First they provide “reverse proxy” services that allow websites to keep their true IP addresses private. Among other things Cloudflare allows legitimate websites to ward off various kinds of cyberattacks.  On the other hand they allow copyright infringing sites like ThePirateBay.se to hide their true location and associated webhosts. Thus Cloudflare effectively makes it impossible to track down the operators and hosts of infringing websites.

Cloudflare also provides a “content delivery network.”   From Wikipedia:

“Cloudflare’s network has the highest number of connections to Internet exchange points of any network worldwide. Cloudflare caches content to its edge locations to act as a content delivery network (CDN), all requests are then reverse proxied through Cloudflare with cached content served directly from Cloudflare.” (italics added).

Now this is where it gets interesting.  It’s difficult to run a robust traffic intensive pirate site on a sketchy black hat webhost operated out of the back of used tire shop in Pridnestrovian Moldavian Republic.  That’s where Cloudflare’s content delivery network comes in handy.  You see Cloudflare will cache “your” content on their servers.  Cloudflare’s servers are much closer to population centers and can handle enormous amounts of web traffic. So essentially a pirate operator can set up a shop in a remote failed state somewhere with a dial-up modem for internet access (I exaggerate only slightly), but still sling infringing content like it is a high quality site hosted in San Francisco or New York.  That’s because the infringing content is hosted and served from lightening fast high quality servers in San Francisco, New York and other population centers.  That’s the point of a content delivery service. Since Cloudflare is actually making a copy of this infringing content that they know is infringing, this would seem to make Cloudflare liable for mass copyright infringement. But I’m not a lawyer. I’m just a simple country rocker.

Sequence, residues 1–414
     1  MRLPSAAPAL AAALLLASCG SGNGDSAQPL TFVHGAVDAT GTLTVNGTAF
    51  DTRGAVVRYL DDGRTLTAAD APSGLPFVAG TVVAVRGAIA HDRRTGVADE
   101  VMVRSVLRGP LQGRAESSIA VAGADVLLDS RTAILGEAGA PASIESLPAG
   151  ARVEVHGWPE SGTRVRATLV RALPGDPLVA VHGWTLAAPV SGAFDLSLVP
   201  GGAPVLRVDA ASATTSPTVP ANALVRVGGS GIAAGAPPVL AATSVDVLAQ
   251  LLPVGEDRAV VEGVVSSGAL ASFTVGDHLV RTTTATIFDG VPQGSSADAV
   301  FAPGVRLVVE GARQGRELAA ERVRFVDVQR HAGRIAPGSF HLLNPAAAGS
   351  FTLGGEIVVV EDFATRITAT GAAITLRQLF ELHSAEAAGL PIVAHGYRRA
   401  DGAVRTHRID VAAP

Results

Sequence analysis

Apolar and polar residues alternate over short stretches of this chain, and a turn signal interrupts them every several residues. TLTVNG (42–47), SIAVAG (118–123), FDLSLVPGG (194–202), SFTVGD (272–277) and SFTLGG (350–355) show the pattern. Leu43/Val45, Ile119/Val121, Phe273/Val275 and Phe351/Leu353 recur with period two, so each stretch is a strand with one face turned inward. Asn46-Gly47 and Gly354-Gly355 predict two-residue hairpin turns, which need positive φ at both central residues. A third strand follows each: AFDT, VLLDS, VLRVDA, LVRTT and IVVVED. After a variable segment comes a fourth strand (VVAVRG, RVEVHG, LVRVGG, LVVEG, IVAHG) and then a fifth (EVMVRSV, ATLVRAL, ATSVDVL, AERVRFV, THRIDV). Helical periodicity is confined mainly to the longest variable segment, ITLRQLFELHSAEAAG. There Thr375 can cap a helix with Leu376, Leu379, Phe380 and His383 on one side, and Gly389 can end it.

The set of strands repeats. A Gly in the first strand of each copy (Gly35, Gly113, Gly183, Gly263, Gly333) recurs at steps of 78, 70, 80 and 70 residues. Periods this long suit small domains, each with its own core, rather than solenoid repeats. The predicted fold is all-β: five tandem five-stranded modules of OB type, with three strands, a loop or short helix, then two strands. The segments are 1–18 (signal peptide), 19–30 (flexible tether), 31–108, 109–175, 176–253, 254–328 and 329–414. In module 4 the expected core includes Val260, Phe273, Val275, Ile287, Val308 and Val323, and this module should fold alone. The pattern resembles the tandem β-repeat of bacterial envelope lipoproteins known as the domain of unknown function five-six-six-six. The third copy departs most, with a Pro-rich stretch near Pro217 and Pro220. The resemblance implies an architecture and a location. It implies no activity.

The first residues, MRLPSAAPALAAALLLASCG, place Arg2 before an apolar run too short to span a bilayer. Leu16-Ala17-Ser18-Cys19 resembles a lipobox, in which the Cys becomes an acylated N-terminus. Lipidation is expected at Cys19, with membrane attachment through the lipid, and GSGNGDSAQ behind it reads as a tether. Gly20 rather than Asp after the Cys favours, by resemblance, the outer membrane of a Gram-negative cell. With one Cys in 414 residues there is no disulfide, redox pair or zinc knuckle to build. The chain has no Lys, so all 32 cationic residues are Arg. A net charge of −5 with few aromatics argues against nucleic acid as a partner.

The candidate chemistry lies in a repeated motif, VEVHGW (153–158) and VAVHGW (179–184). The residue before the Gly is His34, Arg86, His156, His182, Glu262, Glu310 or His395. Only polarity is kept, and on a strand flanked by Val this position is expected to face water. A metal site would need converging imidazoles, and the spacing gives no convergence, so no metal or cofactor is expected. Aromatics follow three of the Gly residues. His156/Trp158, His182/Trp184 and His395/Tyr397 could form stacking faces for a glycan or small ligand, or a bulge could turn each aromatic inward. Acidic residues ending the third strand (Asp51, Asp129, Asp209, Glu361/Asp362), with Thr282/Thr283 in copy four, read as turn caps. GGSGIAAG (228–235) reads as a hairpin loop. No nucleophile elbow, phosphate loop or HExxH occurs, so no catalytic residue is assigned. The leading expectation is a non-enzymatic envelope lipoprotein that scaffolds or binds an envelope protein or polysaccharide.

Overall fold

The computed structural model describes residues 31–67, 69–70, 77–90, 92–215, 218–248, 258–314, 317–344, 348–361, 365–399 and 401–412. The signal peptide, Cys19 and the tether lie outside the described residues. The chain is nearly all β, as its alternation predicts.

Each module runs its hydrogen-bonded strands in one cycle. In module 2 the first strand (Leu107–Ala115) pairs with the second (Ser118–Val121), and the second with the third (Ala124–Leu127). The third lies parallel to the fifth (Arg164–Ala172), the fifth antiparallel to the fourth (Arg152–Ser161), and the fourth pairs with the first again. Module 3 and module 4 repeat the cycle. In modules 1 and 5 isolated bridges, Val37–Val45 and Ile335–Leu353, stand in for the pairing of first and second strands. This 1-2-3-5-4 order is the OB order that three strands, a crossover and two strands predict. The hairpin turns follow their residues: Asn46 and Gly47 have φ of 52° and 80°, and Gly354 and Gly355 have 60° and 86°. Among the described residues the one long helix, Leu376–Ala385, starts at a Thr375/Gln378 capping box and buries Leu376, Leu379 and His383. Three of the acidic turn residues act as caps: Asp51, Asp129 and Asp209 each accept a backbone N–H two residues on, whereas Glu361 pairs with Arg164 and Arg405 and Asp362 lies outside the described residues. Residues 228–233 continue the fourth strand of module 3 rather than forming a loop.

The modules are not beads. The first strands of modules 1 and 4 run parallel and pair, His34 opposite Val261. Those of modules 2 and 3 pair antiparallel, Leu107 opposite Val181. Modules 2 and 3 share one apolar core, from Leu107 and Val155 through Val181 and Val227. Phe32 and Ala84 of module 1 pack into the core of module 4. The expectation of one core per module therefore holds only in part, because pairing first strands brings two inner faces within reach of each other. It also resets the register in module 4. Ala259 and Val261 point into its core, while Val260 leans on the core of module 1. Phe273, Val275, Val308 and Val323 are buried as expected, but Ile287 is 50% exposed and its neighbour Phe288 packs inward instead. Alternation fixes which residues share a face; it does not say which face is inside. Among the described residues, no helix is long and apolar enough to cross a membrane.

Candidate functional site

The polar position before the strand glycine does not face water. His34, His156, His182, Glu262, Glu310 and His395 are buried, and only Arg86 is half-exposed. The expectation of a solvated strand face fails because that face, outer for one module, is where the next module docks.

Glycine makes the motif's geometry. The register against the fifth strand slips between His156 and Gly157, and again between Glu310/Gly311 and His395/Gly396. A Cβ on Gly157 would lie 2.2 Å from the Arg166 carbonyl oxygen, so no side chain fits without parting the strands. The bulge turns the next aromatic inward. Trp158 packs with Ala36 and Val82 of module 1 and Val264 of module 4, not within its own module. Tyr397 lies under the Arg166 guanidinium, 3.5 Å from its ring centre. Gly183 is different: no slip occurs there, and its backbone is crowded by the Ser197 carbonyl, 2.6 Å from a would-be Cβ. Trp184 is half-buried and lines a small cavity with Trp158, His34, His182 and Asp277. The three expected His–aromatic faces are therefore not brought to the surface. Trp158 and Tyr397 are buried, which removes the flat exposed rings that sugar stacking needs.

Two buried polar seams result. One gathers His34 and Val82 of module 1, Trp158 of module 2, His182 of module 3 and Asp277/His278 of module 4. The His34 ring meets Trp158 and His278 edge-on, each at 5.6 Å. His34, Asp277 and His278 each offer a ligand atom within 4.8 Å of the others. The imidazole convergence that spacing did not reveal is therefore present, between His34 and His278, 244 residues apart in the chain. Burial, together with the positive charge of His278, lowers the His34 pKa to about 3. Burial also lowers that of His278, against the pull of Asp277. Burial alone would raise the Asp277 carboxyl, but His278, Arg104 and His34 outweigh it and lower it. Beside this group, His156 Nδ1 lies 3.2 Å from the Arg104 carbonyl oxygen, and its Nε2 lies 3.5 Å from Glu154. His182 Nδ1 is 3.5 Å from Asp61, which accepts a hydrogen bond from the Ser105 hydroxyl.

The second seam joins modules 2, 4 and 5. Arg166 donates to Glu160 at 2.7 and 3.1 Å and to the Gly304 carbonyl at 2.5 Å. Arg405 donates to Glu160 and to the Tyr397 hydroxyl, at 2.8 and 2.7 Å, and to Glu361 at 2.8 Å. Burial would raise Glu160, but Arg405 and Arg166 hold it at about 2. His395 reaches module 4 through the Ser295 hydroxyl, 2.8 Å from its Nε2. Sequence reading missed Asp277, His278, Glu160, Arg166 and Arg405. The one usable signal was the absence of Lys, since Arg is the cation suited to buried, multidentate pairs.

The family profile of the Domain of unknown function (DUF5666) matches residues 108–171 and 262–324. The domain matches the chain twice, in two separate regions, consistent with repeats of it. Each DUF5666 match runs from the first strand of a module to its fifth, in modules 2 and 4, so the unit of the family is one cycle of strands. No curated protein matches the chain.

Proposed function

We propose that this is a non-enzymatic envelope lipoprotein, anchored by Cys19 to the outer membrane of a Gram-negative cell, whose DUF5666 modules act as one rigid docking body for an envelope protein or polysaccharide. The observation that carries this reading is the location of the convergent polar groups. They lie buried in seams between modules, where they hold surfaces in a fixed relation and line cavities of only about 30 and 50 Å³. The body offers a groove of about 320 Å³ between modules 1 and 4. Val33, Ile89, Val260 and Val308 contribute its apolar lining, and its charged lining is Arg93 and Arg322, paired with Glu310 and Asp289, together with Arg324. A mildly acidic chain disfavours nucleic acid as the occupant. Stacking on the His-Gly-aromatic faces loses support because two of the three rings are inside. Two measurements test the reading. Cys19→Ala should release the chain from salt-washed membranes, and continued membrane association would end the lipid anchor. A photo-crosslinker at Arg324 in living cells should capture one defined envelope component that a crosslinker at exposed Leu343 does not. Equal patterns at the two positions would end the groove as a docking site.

The fact Cloudflare is willing to provide its content delivery services to anyone has made the company the top choice for pirates, terror groups, counterfeiters and other scumbags.  According to sources that monitor torrenting and cyberlocker sites the top ten sites for infringing activity now use Cloudflare.  Including a resurrected Pirate Bay! (PirateBay.org)  This does not bode well for rights holders.

Now Cloudflare is planning to go public.  Goldman Sachs is rumored to be the lead bank on the IPO.  Yes the deeply amoral Cloudflare + “The Vampire Squid of Wall Street.”  Buyer beware!

Ladies and gentlemen 2019 Artist Enemy #1 is Cloudflare!!  And good luck with that IPO Goldman Sachs!  Just remember to disclose to investors the legal risks associated with all that “cached content served directly from Cloudflare.” Not a lawyer but I read somewhere copyright infringement is a RICO predicate. You don’t want to run afoul of the SEC or get caught up in shareholder lawsuits a few years down the road.


*Not really free, as free streaming is really about building a extensive data profile of each of it’s listeners which is then sold to advertisers.